• Sold the Winery three years ago to McWilliams, after running it with his sons
  • Never imagined would be making wine
  • Became a big producer and the area began to host more wineries & mass-producing vineyards
  • WAI didn’t have much about wine on its course outline in 1940s
  • WAI cooking course really didn’t prepare cooks for war food service and making do with supplies & circumstances
Riverland; Winery; South Australia; Melbourne; Winery; Coonawarra; McWilliams; Liara; Wynn’s; Redman’s; 1950s; Mildara; Lindemans; Southcorp;

17:40

Cooking memories from WWII

  • PNG on the day before Christmas only Bully Beef and beans, so the boys went and got the chickens from a neighbouring village, about 12, took them down to the river and cleaned them and roasted them and we had them cold for Christmas dinner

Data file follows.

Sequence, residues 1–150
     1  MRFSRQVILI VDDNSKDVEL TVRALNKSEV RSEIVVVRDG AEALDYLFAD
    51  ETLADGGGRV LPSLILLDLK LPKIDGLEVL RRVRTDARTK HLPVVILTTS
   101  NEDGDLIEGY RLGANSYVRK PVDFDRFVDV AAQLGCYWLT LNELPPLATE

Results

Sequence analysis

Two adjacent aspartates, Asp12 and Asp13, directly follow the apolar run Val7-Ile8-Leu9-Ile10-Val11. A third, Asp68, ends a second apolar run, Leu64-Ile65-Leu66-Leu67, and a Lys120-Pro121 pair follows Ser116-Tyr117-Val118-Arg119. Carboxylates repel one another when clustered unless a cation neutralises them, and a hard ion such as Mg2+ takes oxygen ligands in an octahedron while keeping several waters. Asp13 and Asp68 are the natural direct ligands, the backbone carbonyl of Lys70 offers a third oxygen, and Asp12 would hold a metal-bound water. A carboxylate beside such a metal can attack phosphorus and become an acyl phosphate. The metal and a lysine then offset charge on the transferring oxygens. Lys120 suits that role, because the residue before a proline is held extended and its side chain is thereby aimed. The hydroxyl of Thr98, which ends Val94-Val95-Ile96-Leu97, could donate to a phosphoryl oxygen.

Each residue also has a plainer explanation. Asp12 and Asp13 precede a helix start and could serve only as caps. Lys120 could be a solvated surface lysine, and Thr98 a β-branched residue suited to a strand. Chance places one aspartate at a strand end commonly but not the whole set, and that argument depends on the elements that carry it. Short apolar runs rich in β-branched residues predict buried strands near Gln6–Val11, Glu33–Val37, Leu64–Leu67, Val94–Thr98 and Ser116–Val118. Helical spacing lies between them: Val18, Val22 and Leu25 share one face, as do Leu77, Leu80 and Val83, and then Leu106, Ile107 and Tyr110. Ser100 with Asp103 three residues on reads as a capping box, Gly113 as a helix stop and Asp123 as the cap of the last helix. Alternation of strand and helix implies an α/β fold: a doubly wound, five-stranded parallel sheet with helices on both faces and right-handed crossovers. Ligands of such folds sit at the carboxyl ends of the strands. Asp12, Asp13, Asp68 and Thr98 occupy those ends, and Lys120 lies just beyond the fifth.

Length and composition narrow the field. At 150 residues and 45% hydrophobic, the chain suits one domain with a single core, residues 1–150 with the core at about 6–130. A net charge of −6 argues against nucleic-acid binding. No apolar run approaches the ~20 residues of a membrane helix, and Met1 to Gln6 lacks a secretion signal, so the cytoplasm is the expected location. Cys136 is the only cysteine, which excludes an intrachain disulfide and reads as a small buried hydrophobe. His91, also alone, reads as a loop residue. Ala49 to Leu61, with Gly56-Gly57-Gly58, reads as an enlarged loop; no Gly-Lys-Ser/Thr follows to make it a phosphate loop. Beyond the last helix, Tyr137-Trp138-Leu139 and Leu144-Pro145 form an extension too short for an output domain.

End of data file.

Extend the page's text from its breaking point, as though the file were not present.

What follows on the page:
• Stationed in the lowlands and it was very wet and it rained all the time, used part of an old hospital for a kitchen that was set up on the veranda, with an old Army wood stove and used to get wood from a couple of the lads from the village
  • Was stationed in Borneo for nearly 12 months at the end of the war
PNG; Christmas; chicken; Dutch Village; roasted; Indonesians; Sandecam; Prisoners of War; Memorial;

22:20

24:00

Cookery Course at WAI

  • Doing a cooking course helped in the wine industry, especially around matching wines and food
  • Only there for three months, but the Air Force was expanding very quickly and was starting up stations all over the place